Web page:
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Fairbanks Feature: The Next Station Will Be . . . (the second in a series of three)

James D. Van Trump Library | Frank B. Fairbanks Transportation Archive | Fairbanks Features

Showcasing a variety of materials located in the Frank B. Fairbanks Rail Transportation Archive

No. 16 Presentation


Fairbanks Feature: The Next Station Will Be . . . (the second in a series of three)

This feature in “A New Train of Thought” is the second in a three-part series highlighting the 13 soft-bound booklets of The Next Station Will Be . . . , published by The Railroadians of America, Inc. (For the first of the three articles, please read Fairbanks Feature 15.)

The glass plate negatives for these photographs were discovered in the 1960s, after having been forgotten since they were taken in the years 1909 to 1911. While many of the original 500 plates were lost, enough remain to give us this great record of rail history.

The set of 13 booklets gives rail maps of the major lines during the 1910s that used these stations. The sample pages of timetables that pertain to the stations are great finds for the early rail history researcher. Copies of the posters that were popular during these times for the rail lines seem to be modern in their presentation––and yet, the lines have been gone for 50 or more years.

Each of these booklets gives a short rail line history of the various lines that used the tracks for these stations. It is easy to get overwhelmed when reading about the buying and selling of smaller lines for the bigger lines and the constant court cases resulting between lines that wanted to prevent other lines from coming into existing areas. It’s a wonder the rail system functioned at all, given the long, ongoing court cases; the illegal deals; the lawyers who pitted themselves against each other; and the railroad robber barons who bought, sold, and merged lines with little regard for the train-riding public. Keeping a proper scorecard for the rail line name changes and mergers almost requires modern technology.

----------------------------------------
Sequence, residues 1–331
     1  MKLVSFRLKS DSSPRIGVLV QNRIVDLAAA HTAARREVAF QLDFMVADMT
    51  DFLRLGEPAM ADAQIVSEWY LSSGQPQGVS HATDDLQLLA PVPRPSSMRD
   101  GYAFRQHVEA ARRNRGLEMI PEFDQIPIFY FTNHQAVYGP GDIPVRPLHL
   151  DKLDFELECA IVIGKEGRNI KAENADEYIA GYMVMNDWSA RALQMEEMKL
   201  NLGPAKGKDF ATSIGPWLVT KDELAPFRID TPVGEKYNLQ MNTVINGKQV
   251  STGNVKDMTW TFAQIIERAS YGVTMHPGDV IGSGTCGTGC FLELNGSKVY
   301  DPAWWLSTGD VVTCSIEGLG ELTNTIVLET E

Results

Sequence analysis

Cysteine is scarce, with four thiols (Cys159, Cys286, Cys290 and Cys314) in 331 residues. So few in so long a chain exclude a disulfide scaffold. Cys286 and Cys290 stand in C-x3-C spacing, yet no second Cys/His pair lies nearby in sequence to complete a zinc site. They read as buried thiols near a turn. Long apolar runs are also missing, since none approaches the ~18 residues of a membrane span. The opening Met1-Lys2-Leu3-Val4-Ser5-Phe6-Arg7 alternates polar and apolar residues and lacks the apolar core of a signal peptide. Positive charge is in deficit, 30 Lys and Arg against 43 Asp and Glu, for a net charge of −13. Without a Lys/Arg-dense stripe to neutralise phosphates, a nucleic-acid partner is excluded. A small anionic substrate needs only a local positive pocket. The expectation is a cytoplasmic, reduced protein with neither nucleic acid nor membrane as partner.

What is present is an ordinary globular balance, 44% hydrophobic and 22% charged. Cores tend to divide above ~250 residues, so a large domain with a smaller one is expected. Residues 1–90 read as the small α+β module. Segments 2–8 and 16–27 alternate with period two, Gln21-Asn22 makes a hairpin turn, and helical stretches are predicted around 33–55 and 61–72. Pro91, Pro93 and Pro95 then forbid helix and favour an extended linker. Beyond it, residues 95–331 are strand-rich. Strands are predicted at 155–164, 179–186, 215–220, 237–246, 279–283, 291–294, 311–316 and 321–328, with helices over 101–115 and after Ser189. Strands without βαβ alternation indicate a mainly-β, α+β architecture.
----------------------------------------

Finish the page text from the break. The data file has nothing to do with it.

After seeing the following photographs from books 8 through 13, you’ll be encouraged to examine all the photographs in all 13 booklets. So much of the life of our nation in the early 1900s revolved around these simple railroad stations.

  • Book 8––Elmira, NY; Almond, NY; Wellsville, NY
  • Book 9––Meadville, PA.; Transfer, PA; Youngstown, Ohio; Kent, Ohio
  • Book 10––Lima, Ohio; Magley, Indiana; Huntington, Indiana; Wilders, Indiana
  • Book 11––Lambs Creek, PA; Greycourt, NY; Middletown, NY; Websters, NY; Blooming Grove, NY
  • Book 12––HJ Tower at Bay Head Jct., NY; Long Branch, NY; Asbury Park-Ocean Grove, NY; Manasquan, NY
  • Book 13––Bradford, PA; Niagara Falls, NY; East Buffalo, NY; Collins, NY

The Frank B. Fairbanks Rail Transportation Archive is open by appointment on Mondays, from 10:00 a.m. to 5:00 p.m. Use of the archive is free to PHLF members (one of the benefits!); non-members are assessed a $10 use fee.

The Archive is located on the fourth floor of The Landmarks Building at Station Square, in the offices of the Pittsburgh History & Landmarks Foundation.

To schedule an appointment, email the Librarian James Halttunen:


Pittsburgh History & Landmarks Foundation

100 West Station Square Drive, Suite 450

Pittsburgh, PA 15219

Phone: 412-471-5808  |  Fax: 412-471-1633